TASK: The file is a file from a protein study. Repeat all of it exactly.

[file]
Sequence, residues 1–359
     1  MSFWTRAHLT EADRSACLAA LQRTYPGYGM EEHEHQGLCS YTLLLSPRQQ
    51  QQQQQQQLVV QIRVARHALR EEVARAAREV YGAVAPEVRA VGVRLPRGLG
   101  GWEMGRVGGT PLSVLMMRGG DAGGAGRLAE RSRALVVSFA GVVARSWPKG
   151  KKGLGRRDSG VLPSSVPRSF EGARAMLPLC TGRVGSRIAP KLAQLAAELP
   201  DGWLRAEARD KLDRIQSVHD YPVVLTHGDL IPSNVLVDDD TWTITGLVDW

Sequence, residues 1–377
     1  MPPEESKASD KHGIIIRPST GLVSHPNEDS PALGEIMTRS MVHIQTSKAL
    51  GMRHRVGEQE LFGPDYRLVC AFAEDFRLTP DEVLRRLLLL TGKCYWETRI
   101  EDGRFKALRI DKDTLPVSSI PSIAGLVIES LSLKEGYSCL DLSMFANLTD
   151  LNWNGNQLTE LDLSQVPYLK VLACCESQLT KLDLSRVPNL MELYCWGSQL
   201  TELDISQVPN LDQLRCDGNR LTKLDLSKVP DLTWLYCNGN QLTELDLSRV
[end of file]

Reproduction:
Sequence, residues 1–359
     1  MSFWTRAHLT EADRSACLAA LQRTYPGYGM EEHEHQGLCS YTLLLSPRQQ
    51  QQQQQQQLVV QIRVARHALR EEVARAAREV YGAVAPEVRA VGVRLPRGLG
   101  GWEMGRVGGT PLSVLMMRGG DAGGAGRLAE RSRALVVSFA GVVARSWPKG
   151  KKGLGRRDSG VLPSSVPRSF EGARAMLPLC TGRVGSRIAP KLAQLAAELP
   201  DGWLRAEARD KLDRIQSVHD YPVVLTHGDL IPSNVLVDDD TWTITGLVDW

Sequence, residues 1–377
     1  MPPEESKASD KHGIIIRPST GLVSHPNEDS PALGEIMTRS MVHIQTSKAL
    51  GMRHRVGEQE LFGPDYRLVC AFAEDFRLTP DEVLRRLLLL TGKCYWETRI
   101  EDGRFKALRI DKDTLPVSSI PSIAGLVIES LSLKEGYSCL DLSMFANLTD
   151  LNWNGNQLTE LDLSQVPYLK VLACCESQLT KLDLSRVPNL MELYCWGSQL
   201  TELDISQVPN LDQLRCDGNR LTKLDLSKVP DLTWLYCNGN QLTELDLSRV